# LL TO BST

Discussion in 'C++' started by puzzlecracker, Jan 19, 2005.

1. ### puzzlecrackerGuest

Do you see any problems with the following algorithm that converts Link
list to Binary Search tree. Can you think of a better solution?

{

int i, mid=(num+1)/2;

if(n==1){
}

else{
for (int i=0;i<mid;++i,root=root->next)
;
root->next=LLtoBST(root->next,mid-1);
}
return root;

}

puzzlecracker, Jan 19, 2005

2. ### HowardGuest

"puzzlecracker" <> wrote in message
news:...
> Do you see any problems with the following algorithm that converts Link
> list to Binary Search tree. >

Aside from the fact it won't compile, you mean?

>Can you think of a better solution?

> node* LLtoBST(node *head, int num)
> {
>
> int i, mid=(num+1)/2;

Why do you declare i here? It's already declared as an int in the loop
below.

>

This could be at the top, to save a couple steps.

>
> if(n==1){

What's n? Did you mean num?

> }
>
> else{
> for (int i=0;i<mid;++i,root=root->next)
> ;

Suppose num is 4. Then mid = (4+1)/2 = 5/2 = 2. So, mid-1 is 1. So you're
going to point your "left" member to the original head of the list, with
only one member. But the loop above just moved the pointer to the third
item in the list, so you're going to lose the second item, aren't you? I
suspect that the num passed to this function needs to be mid, not mid-1.

But that's just for num==4. What about other values of num?

> root->next=LLtoBST(root->next,mid-1);
> }
> return root;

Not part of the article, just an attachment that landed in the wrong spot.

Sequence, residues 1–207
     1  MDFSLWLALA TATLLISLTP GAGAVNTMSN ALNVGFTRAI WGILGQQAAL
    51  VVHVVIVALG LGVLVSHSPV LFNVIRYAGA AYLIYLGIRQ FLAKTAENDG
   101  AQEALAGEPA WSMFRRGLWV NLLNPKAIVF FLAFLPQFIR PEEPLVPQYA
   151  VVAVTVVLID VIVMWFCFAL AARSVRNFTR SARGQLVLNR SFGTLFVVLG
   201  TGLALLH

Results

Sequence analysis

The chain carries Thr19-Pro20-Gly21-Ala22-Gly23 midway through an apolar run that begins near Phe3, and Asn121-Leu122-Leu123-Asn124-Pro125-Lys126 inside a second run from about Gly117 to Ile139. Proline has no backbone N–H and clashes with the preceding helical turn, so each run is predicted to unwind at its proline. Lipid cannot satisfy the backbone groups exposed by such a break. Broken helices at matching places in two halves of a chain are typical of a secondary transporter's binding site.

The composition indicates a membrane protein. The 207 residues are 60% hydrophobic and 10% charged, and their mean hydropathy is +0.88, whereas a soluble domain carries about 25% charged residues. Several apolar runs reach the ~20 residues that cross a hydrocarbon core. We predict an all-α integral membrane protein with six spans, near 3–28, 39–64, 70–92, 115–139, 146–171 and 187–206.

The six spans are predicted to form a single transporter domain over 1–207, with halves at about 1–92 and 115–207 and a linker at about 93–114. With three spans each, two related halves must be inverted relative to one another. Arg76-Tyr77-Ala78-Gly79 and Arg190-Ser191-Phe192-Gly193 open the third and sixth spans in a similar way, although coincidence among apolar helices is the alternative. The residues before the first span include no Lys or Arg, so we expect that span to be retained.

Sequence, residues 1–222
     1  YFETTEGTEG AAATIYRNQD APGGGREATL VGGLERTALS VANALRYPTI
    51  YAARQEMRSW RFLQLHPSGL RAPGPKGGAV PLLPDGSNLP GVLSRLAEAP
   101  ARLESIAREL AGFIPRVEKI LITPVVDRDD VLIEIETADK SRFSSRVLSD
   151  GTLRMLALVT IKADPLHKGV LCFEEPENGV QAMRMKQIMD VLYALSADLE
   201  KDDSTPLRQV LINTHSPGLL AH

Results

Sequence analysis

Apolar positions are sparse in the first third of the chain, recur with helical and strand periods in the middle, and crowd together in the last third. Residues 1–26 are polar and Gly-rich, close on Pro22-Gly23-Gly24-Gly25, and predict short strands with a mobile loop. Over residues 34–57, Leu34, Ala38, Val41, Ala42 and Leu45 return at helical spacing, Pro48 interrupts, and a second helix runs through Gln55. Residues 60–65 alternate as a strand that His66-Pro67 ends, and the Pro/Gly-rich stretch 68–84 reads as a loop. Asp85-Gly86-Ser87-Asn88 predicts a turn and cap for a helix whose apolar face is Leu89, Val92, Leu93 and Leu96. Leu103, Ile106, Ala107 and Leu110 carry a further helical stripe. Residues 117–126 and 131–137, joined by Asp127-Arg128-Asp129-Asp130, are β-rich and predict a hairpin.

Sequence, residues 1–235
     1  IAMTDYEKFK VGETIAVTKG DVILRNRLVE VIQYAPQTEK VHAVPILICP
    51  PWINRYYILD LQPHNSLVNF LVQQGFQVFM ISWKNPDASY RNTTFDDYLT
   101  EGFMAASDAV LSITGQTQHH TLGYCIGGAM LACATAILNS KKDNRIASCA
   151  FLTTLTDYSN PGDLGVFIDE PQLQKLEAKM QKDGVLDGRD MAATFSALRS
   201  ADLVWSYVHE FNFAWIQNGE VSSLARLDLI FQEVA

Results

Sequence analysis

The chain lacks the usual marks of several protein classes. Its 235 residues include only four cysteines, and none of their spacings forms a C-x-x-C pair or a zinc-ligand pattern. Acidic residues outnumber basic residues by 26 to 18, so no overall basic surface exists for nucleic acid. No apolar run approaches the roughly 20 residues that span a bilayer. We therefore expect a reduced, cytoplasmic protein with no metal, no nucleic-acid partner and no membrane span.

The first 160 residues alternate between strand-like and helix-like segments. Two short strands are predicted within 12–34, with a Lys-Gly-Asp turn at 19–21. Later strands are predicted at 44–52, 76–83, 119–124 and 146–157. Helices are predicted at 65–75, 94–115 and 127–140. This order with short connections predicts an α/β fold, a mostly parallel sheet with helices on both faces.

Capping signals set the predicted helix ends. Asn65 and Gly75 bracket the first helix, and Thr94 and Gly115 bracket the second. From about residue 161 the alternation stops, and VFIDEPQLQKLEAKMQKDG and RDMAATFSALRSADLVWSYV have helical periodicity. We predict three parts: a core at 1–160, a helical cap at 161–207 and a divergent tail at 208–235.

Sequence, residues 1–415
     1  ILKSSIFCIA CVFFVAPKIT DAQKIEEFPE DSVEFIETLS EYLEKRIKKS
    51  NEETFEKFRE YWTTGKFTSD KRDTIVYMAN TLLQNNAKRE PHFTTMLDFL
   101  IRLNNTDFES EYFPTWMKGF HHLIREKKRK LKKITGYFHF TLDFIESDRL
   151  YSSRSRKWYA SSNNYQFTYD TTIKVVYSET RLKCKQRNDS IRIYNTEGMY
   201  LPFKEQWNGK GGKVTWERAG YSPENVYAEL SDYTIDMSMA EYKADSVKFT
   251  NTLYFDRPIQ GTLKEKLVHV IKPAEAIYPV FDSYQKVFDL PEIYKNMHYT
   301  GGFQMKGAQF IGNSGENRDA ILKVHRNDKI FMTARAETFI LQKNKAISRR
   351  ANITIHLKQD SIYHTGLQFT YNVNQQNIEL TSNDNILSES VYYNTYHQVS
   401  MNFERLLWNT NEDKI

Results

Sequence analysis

>
> }
>

Step through this on paper, carefully, for both odd and even values of num.

Then, once you have a good design, and have coded it so that ther's no
compile errors, step through it in the debugger and see if it does exactly

Also, you mention that you're creating a "Binary Search Tree". But you
don't say whether the linked list is sorted or not. If it isn't then your
tree isn't going to be sorted, either.

-Howard

Howard, Jan 19, 2005

3. ### Joseph TurianGuest

pc:

You should also keep in mind that splitting it down the middle may not
guarantee the best amortized performance. It depends upon the
distribution of the queries.

For example, if you only have right children i.e. with the lowest
element at the root and the highest element as the (rightmost) leaf,
this will give the best performance if you're only looking up the
lowest element.

If I'm not mistaken, a balanced tree is desirable iff the queries are
uniformly distributed over the stored items (i.e. if there are no
queries for items that don't exist). If there are queries for items
that don't exist, then the analysis gets much hairier.

Joseph

Joseph Turian, Jan 19, 2005